A ‘frightening time for businesses’: Local employees, organizations face uncertain future amid pandemic

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The future of business as usual in Berkeley is far from certain, even with emergency relief available to organizations and people most impacted by the coronavirus.

Although the exact rate of unemployment and job loss in Berkeley is unknown aside from current projections, the numbers are approximately proportional to national unemployment rates, according to Jacquelyn McCormick, chief of staff for Berkeley Mayor Jesse Arreguín’s office.

“It is a really incredibly tragic, frightening time for businesses and for our entire community,” McCormick said. “We don’t know when we’re going to be able to come back, we don’t know what that coming back is going to look like, we don’t know if COVID-19 is going to raise its ugly head again in the fall and we go through another round of this.”

A press release from California’s Employment Development Department, or EDD, states that 878,727 claims were processed during the week ending on March 28 — a 370% increase compared to the previous week when EDD processed about 187,000 claims and the 58,000 claims processed the week ending on March 14.

Campus sophomore Tessa Stapp works at Starbucks and with the UC Berkeley Graduate Assembly. Stapp said in an email that she was laid off from her third job at a local cafe because it is a non-essential position.

She added that losing one of her jobs increases her sense of insecurity when it comes to paying tuition.

“There are so many folx that knit us all together in unseen ways and it’s hard to stay so tightly knit when we are surrounded by this fear and are physically so distant,” Stapp said in the email.

The Berkeley Relief Fund for residential tenants, nonprofit arts organizations and small businesses started with $3 million from the city in hopes that more donations from the public will eventually match that amount, according to McCormick. About $700,000 in donations has already matched city funds.

The grant program opened applications for one week, during which 1,058 were submitted. According to the city’s economic development manager Jordan Klein, about 20% of all small businesses and nonprofits in Berkeley submitted an application, indicating that the “economic impact of this crisis on small businesses is extreme.”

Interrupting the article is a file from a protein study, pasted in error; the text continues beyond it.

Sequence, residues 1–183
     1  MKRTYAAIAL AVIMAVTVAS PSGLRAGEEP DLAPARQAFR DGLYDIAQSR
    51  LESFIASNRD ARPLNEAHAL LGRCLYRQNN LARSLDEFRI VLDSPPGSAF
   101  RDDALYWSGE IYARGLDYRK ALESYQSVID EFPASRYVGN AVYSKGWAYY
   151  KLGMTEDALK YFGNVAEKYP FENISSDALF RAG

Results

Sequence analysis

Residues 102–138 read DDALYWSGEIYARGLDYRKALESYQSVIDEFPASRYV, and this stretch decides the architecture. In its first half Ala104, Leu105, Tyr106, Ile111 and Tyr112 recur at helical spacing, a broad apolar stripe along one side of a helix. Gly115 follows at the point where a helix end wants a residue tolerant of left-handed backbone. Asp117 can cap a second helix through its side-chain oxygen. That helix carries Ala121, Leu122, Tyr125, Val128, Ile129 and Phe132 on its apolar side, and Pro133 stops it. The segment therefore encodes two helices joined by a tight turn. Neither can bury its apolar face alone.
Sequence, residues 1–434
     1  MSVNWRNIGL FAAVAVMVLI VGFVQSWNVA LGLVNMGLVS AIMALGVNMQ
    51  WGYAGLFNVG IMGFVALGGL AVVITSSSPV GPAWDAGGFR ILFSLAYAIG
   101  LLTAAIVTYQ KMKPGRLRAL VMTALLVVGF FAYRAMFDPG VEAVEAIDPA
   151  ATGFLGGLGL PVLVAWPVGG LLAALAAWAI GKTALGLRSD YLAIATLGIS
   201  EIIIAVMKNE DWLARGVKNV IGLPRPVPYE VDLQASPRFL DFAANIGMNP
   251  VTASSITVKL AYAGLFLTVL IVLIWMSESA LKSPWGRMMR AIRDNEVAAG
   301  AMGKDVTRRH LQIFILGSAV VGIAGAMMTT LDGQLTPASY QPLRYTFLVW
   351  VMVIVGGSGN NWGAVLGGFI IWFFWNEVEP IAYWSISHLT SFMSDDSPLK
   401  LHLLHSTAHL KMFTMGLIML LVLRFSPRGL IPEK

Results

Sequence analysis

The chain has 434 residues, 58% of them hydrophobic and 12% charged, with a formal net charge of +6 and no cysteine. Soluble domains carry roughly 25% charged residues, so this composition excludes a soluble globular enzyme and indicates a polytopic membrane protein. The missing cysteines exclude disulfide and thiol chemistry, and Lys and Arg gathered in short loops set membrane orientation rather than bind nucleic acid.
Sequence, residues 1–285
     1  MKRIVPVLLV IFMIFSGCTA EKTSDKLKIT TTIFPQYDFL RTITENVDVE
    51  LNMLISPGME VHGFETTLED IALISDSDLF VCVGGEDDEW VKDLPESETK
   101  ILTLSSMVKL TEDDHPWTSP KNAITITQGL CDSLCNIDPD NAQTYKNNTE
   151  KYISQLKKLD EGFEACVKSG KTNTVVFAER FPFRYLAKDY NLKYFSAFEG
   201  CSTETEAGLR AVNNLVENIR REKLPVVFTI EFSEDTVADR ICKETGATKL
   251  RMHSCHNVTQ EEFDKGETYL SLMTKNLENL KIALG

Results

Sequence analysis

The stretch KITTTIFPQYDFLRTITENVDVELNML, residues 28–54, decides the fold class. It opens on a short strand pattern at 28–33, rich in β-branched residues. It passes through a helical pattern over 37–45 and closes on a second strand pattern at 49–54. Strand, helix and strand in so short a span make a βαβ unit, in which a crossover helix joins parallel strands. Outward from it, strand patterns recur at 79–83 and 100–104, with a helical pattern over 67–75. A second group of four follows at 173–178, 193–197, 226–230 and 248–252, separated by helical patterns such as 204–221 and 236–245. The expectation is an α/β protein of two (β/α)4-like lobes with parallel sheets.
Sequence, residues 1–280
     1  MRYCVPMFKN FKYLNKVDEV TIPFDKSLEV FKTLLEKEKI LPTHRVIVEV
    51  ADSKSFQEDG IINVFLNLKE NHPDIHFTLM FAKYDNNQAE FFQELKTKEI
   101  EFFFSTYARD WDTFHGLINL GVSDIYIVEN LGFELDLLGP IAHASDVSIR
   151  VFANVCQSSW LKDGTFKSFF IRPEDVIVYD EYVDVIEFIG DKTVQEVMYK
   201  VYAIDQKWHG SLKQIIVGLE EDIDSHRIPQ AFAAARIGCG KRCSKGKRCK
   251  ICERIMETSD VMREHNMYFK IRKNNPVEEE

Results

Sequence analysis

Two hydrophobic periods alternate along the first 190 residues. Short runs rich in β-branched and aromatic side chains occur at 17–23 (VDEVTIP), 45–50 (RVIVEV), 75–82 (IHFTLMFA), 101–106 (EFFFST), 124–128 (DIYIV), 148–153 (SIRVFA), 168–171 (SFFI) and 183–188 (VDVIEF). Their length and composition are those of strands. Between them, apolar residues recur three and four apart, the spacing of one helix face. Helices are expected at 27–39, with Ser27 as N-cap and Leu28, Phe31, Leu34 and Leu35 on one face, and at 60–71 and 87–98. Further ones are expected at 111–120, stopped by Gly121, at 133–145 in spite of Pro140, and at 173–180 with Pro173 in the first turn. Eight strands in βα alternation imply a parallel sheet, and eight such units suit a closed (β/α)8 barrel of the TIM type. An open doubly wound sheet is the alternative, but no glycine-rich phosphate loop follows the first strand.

“For many businesses, that obviously has severe impacts on revenues. Many businesses and organizations have been forced to lay off or temporarily furlough their staff,” Klein said in an email. “For some businesses, the temporary closure might lead to a permanent closure.”

Klein added that the city’s Office of Economic Development is working with local partners to help businesses and nonprofits during the COVID-19 pandemic.

The office’s efforts include helping businesses access government loans and grants, bolstering timely communication, developing marketing campaigns to help businesses stay open and formulating midterm and long-term plans for economic recovery.

Games of Berkeley closed its doors and laid off all of its employees the day of the March 16 shelter-in-place order. Owner Erik Bigglestone said in an email that he has even taken himself off payroll.

“I’ve applied for a variety of government and private loans and grants, but approvals, promised advances, and the like have yet to materialize,” Bigglestone said in the email. “I have a good landlord with whom I feel I can negotiate in good faith once we’re able to reopen, but our business model will be very different in the near-term.”

There is some good news regarding COVID-19’s impact on Bay Area workers, however, according to research conducted by UC Berkeley and other institutions.

Jesse Rothstein — campus public policy and economics professor and director of the Institute for Research on Labor and Employment and the California Policy Lab — said a key finding is that multiple medium and small-sized businesses are keeping employees despite shutting down.

“It’s important to remember we are a collective, not just a singular person experiencing this alone,” Stapp said in her email. “It’s also important to remember that a lot of us will get to return to a sense of normalcy once this moment has passed, and we cannot forget the way we feel now and we can not go back to ignoring our community’s needs.”

Olivia Buccieri is the lead business and economy reporter. Contact her at [email protected] and follow her on Twitter at @obuccieri_dc‏.